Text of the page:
Why the Google Ebooks Launch is Way More Important Than You Might Think

[pullshow]We are suffering under an avalanche of books. And I don’t choose the word “avalanche” capriciously. I mean it. I think for all of us, there’s at least some anxiety to the book buying experience. That is, the wanting-then-searching-then-finding-then-choosing-then-buying-then-reading experience. The book business is complicated industry, and its marketing aspects might be the most difficult to understand and the most important to a satisfying user experience. How do you find the book you’re looking for? How do you know it’s the best available text for your purposes? (Is it the most recent? Best researched? Most entertaining? It it written in the style you’re after? How does it compare to others like it? Is it a good price?) And another question, what I think is actually the most important part of reading as a culturally-productive social activity, is the experience of finding the “right” book that you weren’t even looking for.

Amazon is really good at everything I’ve just mentioned. Better than anyone else for the last 15 years. That’s what’s made them so successful. But that success is based on two factors: reduced distribution costs because of the efficiencies of scale, and access to a database that allows them to be very smart about creating the illusion that they’re offering you the cheapest, most relevant books in response to your search.

Partial screen-shot of Google's Ebook Storefront interface.Their advantages in distribution and pricing of physical books is still unchallenged. Barnes and Noble has the advantage of brick-and-mortar stores which appeal to people who want a more tactile shopping experience, but those stores are as much a fiscal liability as they are an advantage. More importantly, though, is the recent trend over the last several years toward ebooks. And Amazon has dominated that landscape by leveraging its dominant position in the physical book market. Not only has Amazon been the most visible and most trafficked option for buying books of any sort, they’ve also had access to the most comprehensive information. That is, they’ve had by far the best database of consumers’ book-buying-and-reading habits.

But Google is going to change all that. I’m suggesting that Google already has as a good a database as Amazon for ebook sales. That would be wrong. Even if they did have that database, they wouldn’t have Amazon’s experience or market share to know how to take advantage of it. But that database and market experience are the only two things Amazon has going for it, and those will likely evaporate eventually. Here’s why…

Google can connect its ebook store to almost anything you do on the web. It’s ubiquitous. Anything you search for, Google can suggest an ebook. If you’re looking up information on Spielberg films, it can suggest which ebooks might help you in that experience. Looking for information on training your dog? No matter what you’re looking for, Google can suggest a book or even user-generated reading lists on the subject. This is the exact function Google has always been designed to do. Connecting people with the information they want. But up until now, that information has been largely limited to websites. Read: information that is often relatively shallow compared that the sort of information traditionally found in long-form, print books. Could Google Ebooks make the web a richer place to find information? You could argue that Amazon already made this available. Sure. But that used to require a relatively circuitous path, via Amazon’s pages (not its database), that would then require an entirely new search within Amazon’s database. [pullthis]Google Ebooks could facilitate a much more seamless relationship between the web, apps, and ebooks.[/pullthis]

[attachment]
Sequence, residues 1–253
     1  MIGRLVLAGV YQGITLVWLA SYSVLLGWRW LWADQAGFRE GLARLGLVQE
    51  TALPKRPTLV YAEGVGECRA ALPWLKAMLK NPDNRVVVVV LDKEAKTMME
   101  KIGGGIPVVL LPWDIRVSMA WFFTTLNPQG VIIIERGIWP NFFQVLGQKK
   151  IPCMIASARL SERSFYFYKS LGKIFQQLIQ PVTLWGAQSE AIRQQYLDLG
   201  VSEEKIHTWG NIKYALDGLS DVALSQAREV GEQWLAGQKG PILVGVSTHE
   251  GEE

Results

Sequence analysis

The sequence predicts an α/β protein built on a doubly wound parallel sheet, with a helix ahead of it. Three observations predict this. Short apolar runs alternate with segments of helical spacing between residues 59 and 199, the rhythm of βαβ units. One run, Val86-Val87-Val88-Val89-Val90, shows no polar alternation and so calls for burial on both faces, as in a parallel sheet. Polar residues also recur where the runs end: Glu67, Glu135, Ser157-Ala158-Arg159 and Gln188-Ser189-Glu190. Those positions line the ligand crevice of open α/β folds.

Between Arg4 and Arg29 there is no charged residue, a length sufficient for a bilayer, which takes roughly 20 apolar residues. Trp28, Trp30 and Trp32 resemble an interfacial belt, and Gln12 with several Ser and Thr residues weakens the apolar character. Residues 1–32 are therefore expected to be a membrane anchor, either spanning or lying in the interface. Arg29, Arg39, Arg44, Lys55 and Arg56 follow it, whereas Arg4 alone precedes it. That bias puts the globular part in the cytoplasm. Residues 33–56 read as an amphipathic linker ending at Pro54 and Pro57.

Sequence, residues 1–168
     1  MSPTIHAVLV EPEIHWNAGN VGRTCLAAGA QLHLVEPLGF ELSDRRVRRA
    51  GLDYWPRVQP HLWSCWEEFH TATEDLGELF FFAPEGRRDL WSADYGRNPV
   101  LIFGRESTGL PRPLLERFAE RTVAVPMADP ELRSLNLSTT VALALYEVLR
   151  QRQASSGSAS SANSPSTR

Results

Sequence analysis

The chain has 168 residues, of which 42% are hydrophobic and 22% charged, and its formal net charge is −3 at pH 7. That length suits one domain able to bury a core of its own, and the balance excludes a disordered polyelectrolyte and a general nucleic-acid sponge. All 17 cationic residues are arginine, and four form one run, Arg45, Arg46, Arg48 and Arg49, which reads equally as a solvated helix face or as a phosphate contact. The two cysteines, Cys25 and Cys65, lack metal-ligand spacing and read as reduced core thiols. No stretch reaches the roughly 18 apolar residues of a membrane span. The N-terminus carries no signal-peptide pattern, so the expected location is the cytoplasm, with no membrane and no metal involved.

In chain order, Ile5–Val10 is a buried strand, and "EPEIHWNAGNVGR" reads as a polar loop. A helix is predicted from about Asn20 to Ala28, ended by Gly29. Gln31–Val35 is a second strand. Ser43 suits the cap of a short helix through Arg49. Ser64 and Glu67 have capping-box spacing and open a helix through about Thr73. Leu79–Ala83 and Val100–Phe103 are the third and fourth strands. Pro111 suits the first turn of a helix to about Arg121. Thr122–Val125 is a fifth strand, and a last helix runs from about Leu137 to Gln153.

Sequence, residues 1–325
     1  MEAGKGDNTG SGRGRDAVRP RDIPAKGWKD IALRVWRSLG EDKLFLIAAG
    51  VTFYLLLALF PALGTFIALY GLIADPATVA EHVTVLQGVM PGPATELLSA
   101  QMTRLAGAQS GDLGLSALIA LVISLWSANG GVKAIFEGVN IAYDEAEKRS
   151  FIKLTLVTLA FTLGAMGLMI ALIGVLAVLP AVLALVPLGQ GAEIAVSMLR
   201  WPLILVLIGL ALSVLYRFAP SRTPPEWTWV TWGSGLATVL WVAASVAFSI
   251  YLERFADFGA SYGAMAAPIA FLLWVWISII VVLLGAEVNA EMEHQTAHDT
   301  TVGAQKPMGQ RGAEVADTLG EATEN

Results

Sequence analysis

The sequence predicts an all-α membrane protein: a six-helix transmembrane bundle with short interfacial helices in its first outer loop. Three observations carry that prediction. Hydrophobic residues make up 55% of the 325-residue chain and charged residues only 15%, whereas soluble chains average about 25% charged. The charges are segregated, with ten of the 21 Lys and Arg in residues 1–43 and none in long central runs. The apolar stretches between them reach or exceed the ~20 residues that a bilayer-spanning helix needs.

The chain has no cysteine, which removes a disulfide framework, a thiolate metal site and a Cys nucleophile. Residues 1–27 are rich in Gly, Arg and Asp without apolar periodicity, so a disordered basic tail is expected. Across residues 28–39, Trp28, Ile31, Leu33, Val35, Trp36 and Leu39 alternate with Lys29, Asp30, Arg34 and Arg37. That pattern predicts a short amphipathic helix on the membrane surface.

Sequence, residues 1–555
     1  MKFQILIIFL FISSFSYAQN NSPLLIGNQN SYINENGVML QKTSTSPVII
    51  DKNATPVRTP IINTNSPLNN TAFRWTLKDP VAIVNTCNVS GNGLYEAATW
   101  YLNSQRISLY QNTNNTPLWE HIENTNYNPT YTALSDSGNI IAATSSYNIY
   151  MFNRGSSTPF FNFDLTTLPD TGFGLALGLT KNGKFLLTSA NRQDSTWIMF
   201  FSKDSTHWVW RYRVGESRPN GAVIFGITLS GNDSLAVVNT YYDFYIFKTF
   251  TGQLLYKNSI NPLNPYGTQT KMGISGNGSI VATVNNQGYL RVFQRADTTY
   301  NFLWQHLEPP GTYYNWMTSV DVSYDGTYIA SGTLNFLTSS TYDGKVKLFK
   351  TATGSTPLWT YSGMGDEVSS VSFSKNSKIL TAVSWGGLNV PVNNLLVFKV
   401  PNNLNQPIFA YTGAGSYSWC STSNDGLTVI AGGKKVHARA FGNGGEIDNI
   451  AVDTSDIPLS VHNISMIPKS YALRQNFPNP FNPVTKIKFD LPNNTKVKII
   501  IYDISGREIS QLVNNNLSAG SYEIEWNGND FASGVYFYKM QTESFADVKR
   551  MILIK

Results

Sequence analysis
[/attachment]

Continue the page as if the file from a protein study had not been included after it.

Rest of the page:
My second point is related to the first point. Amazon is great at suggesting a book when it know the book you’re already interested it. And a large part of its business strategy has been to extend this database-driven, suggestion-retailing model beyond the relationships between books. Now when you’re shopping for a book on landscaping, Amazon is particularly good at recommending a hedge-trimmer or a DVD from HGTV. This is one of the reasons I love Amazon so much. They understand how to make my life more efficient. They’ve learned those techniques by keeping track of buying habits. Google has the ability to take this same retailing concept to the next magnitude of scale because they easily have the best databases and best information processing track record on the planet. It’s not even close.

For now, Google doesn’t really know what it’s doing in terms of making an intuitive buying experience, but it’s going to learn very, very quickly. And as it does. It’s going to be extremely good for the quality of content we encounter everyday on the web, and we’re going to find that our experience of buying and reading books, albeit ebooks, will be better than ever.

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